What the Flock is Going on Here!?!?

Lots of animals live and move in groups.  Cows, sheep, wildebeest, mackerel, geese, humans…just to name some examples.  We’ve come up with lots of names for these groupings:  herd, flock, school, gaggle, gang, company, industry trade group, union, political party.

Each of these groupings have one primary purpose:  defense.  There is safety in numbers, or so the saying goes.  Groups moving in unison appear larger to predators.  Their coordinated movements confuse and intimidate those who would otherwise do harm to the individuals in the group.

When predators attack, they pick the weakest and most vulnerable in the group to attack first.  That’s okay with the group, since protection of the group as a whole is paramount.  Any particular individual is less important than the survival of the entire group.

Predators often travel alone.  Eagles, bears, cheetahs, sharks, jaguars, Tesla…all loners.  Sure, some predators travel in groups.  Lions have their pride.  Wolves have their pack.  Orcas and dolphins have their pods.  The primary goal of a predator, whether alone or in a group, is offense.  They work in a coordinated effort to maximize return on their energy investment…capturing the most prey with the least amount of energy output.

Nothing is safe in the animal kingdom.  The food chain takes no prisoners.  The hunter often becomes the hunted.  The same is true in human enterprises.  In the (hopefully) never ending capitalist cycle of invention, construction, destruction, re-invention, and reconstruction, the roles of predator and prey can switch on a moment’s notice.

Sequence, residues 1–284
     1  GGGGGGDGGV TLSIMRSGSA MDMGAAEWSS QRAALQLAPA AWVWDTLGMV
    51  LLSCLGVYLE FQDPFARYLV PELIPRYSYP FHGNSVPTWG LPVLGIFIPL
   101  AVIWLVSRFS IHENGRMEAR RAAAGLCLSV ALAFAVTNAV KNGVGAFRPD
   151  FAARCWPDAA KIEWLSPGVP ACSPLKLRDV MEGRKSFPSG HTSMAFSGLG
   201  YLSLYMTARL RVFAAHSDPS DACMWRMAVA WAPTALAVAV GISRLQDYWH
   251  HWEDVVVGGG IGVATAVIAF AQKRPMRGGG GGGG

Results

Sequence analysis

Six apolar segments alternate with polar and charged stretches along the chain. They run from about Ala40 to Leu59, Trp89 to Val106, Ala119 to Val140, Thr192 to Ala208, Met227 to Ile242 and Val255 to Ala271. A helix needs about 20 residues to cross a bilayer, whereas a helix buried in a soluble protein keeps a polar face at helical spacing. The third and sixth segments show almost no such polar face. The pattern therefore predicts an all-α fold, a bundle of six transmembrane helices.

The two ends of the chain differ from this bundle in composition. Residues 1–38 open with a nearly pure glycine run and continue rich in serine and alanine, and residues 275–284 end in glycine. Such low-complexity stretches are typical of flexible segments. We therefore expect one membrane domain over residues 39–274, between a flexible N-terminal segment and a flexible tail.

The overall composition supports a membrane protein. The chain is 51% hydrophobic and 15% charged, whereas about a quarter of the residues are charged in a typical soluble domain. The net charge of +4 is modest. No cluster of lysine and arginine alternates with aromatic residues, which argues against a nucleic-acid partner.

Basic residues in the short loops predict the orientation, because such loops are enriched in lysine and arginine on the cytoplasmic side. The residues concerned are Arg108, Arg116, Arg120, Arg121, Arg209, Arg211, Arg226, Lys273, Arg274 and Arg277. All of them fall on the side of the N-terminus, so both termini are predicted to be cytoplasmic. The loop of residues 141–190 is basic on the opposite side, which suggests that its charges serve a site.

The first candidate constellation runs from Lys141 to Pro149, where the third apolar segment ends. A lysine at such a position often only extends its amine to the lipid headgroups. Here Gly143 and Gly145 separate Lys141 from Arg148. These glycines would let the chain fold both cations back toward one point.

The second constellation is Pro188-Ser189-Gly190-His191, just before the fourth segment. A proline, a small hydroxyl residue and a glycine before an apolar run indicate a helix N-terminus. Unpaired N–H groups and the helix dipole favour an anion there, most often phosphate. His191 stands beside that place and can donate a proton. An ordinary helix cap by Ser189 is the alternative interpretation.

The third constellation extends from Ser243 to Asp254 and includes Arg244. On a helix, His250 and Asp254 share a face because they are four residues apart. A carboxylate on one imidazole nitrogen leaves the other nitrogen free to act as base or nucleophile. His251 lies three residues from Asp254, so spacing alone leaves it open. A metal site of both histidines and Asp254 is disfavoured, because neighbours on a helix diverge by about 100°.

An instinctive drive for safety leads to new alliances.  Predators who would never think of joining a defensive flock are drawn in by the promise of safety from some new, common enemy.  Defense against the enemy becomes the rule of the day.  Thoughts of maximizing return on investment, or re-inventing the future, are replaced by a focus on defending the status quo of the flock.

In a uniquely human twist, the defensive flock may even take on a new mission.  The defensive flock goes on offense.  This flock actively seeks out the lone predators, the re-inventors.  They marshal all of their creative energy toward destroying predators before their new ideas wreak havoc on the flock.  Protection of the group is all that matters.  The individual is less important.

Which are you?  Predator or prey?  Loner, or flock member?  Are you a former predator, now seeking the safety of a new flock?  Are you defending the status quo, or throwing in with the crazies who are re-inventing the future?  Are you on offense, or defense?

Are you making this choice for yourself, or are you allowing the flock to make the decision for you?

2 thoughts on “What the Flock is Going on Here!?!?

  1. Deborah

    Great post Bob! Your questions should be asked by everyone when considering an action (prey or predator). Choices and decisions should be made based on whether or not the consequences of predatory action is at the best interest and of whom. Every action has an equal and opposite reaction – chose consciously!

    Reply

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